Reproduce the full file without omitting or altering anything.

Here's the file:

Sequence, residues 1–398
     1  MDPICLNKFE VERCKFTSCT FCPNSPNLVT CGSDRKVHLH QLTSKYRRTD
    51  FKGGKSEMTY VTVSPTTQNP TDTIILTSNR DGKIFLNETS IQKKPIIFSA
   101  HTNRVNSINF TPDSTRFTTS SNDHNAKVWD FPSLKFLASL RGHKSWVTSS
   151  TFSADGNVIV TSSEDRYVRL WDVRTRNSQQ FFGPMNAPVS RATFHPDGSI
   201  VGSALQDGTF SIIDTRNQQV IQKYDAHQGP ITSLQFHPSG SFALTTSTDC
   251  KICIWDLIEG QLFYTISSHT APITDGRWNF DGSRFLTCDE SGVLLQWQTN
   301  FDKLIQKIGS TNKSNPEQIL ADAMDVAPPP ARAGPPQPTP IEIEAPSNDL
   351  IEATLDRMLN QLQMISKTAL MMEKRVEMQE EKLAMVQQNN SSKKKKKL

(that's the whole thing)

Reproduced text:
Sequence, residues 1–398
     1  MDPICLNKFE VERCKFTSCT FCPNSPNLVT CGSDRKVHLH QLTSKYRRTD
    51  FKGGKSEMTY VTVSPTTQNP TDTIILTSNR DGKIFLNETS IQKKPIIFSA
   101  HTNRVNSINF TPDSTRFTTS SNDHNAKVWD FPSLKFLASL RGHKSWVTSS
   151  TFSADGNVIV TSSEDRYVRL WDVRTRNSQQ FFGPMNAPVS RATFHPDGSI
   201  VGSALQDGTF SIIDTRNQQV IQKYDAHQGP ITSLQFHPSG SFALTTSTDC
   251  KICIWDLIEG QLFYTISSHT APITDGRWNF DGSRFLTCDE SGVLLQWQTN
   301  FDKLIQKIGS TNKSNPEQIL ADAMDVAPPP ARAGPPQPTP IEIEAPSNDL
   351  IEATLDRMLN QLQMISKTAL MMEKRVEMQE EKLAMVQQNN SSKKKKKL